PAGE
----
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Letters

Politicians need ‘cooling off’ periods

America is looking straight into the eyes of a tornado-style political year in 2022, and an even bigger one come 2024. How did democracies in the past handle situations where deeply divisive personalities on the political scene were disruptive to peace and good order?

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Fauci's the real moron

"Hot mic catches Dr. Fauci calling GOP senator 'moron'" (Web, Jan. 11) might actually be more indicative of self-reflection on Fauci's part. The media has generally failed to take Fauci to task for his longtime support of gain-of-function experimentation intended to make pathogens more infectious in humans. Nevertheless, writing for the American Society for Microbiology in 2012, Fauci defended such research, even at the risk that an experiment "leads to an outbreak and ultimately triggers a pandemic," writing: "Scientists working in this field might say -- as indeed I have said -- that the benefits of such experiments and the resulting knowledge outweigh the risks." Regardless of the exact and circuitous dispersal of U.S. funds, Fauci allowed U.S. funds to go to the Wuhan Institute of Virology, which was known for gain-of-function testing under less-than-optimal microbial containment.

So much for uniting the country

During President Biden's inauguration speech last January he promised to unite the country. He said, "We can join forces, stop the shouting and lower the temperature. For without unity there is no peace, only bitterness and fury." Yet on Tuesday he flew down to Georgia and gave a dishonest demagogue's speech, trying to sell to the American people his radical federal takeover of our elections.

Left uninterested in minority voting rights

Who knew that the wisest people in the world's greatest deliberative body, along with the president who once decorated the Senate with his grace, would succumb to the puerile instinct of instant gratification instead of deliberating in depth on minority rights ("Biden goes nuclear on the filibuster and Republicans, but his ploy runs into Democratic resistance," Web, Jan. 11)?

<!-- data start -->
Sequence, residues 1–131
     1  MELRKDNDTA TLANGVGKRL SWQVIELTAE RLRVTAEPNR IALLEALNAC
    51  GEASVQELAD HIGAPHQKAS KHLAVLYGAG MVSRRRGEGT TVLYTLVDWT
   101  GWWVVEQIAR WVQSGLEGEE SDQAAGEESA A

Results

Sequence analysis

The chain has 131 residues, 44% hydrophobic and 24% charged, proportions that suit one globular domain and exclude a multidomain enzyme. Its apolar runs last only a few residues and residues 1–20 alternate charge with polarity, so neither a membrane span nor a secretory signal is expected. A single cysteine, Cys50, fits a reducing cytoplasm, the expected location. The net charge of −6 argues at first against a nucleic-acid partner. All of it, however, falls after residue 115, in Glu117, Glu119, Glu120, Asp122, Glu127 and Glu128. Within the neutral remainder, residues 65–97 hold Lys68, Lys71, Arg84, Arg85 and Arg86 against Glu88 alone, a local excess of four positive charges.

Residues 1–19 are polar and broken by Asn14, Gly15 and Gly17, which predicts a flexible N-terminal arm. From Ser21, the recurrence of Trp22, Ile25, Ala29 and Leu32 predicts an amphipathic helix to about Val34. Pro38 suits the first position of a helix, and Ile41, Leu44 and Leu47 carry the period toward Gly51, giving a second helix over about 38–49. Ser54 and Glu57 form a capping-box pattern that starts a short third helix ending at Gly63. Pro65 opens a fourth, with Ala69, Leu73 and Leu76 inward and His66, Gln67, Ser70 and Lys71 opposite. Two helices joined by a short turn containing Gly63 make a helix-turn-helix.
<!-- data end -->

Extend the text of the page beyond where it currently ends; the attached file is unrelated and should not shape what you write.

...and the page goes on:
Voting reform, not Democrats' bill, needed

The Democrats have provided the real reasons why the Freedom to Vote Act should not be passed. Rep. James Clyburn has said the federal government, not the states, should control voting. Rep. Jamie Raskin wants Congress to determine who can run for president (just to stop a potential campaign by former President Trump). And Sen. Chuck Schumer wants to set aside the long-standing filibuster process to pass the voting bill.

Americans not prepared today

American government should inform and prepare its citizens for war, economic crises and unforeseen maladies. But there is nothing wrong with fear if it emboldens, prepares and motivates people to be psychologically ready for dangers, whether they be from foreign adversaries, off-the-chart inflation or even a food shortage.

President Obama 2.0?

Cheryl K. Chumley's recent piece on Michelle Obama is fascinating -- but she does not state what this move by the former first lady really is ("Michelle Obama enters politics with vengeance, bent on revenge," Web, Jan. 11). The Obamas are launching Michelle Obama's presidential campaign. If she seizes control of an issue that is near and dear to the political left, such as the voter bill, she will be positioned to eliminate anyone trying to run against her in 2024. Harris? Mayor Pete? Various governors? All will be on the trash heap of the Democratic Party.

'Free stuff' on the back of private sector

In 1776 the Founders and patriots, all from the private sector, created America's government to protect the unalienable rights of individuals. Twelve years later, private-sector individuals revised their government and gave it the power to "provide for the common defense, promote the general welfare."

Real case against Cuomo remains

After former New York Gov. Andrew Cuomo's only criminal case was dropped in the first week of January, buried pages inside the newspaper, one might wonder what all the fuss was about to begin with ("Prosecutor drops sex crime charge against former N.Y. Gov. Andrew Cuomo," Web, Jan. 4). Cuomo stepped down from the governorship on such a weak case? That's funny. It was all a he-said-she-said matter.

Make China's government pay

Last month I was at home watching the news and the crawler featured the following headline: "Biden laughs off a question on COVID-19 deaths and the origin of the disease." The president "laughed off" a question on the number of COVID-19 deaths, which are, if the figures are correct, over three times the total number of deaths from the atomic bombing of Nagasaki and Hiroshima, combined?

Back Taiwan as China grows bolder

As China grows stronger and bolder, Washington must end its decades-long policy of strategic ambiguity if America's integrated deterrence is to have any hope of success. Without adequate hard power, no measure of diplomacy or economic statecraft will convince China not to attack a democratic Taiwan. Merely acknowledging the China threat is no longer good enough. The United States needs to stand up to a rival such as China.

Patriots want a U.S. based on Declaration

Retired Lt. Gen. Kellogg makes some good points in "Jan. 6, 2021: My view from the White House" (Web, Jan. 6). But he also makes some glaring errors. The least (likely a typo) was his assertion that "what happened that day was not the only instance of violence in 2020 ... " But his claim that he "learned from years in the military" is laughable.

Pelosi, Democrats wanted a riot

Jan. 6, 2021, was the day Nancy Pelosi and the Democratic leadership turned a peaceful protest into a partial riot by seeding the crowd with federal agents who incited a riot. They also instructed the Capitol police to stand down and let people go by, as was recorded on several videos.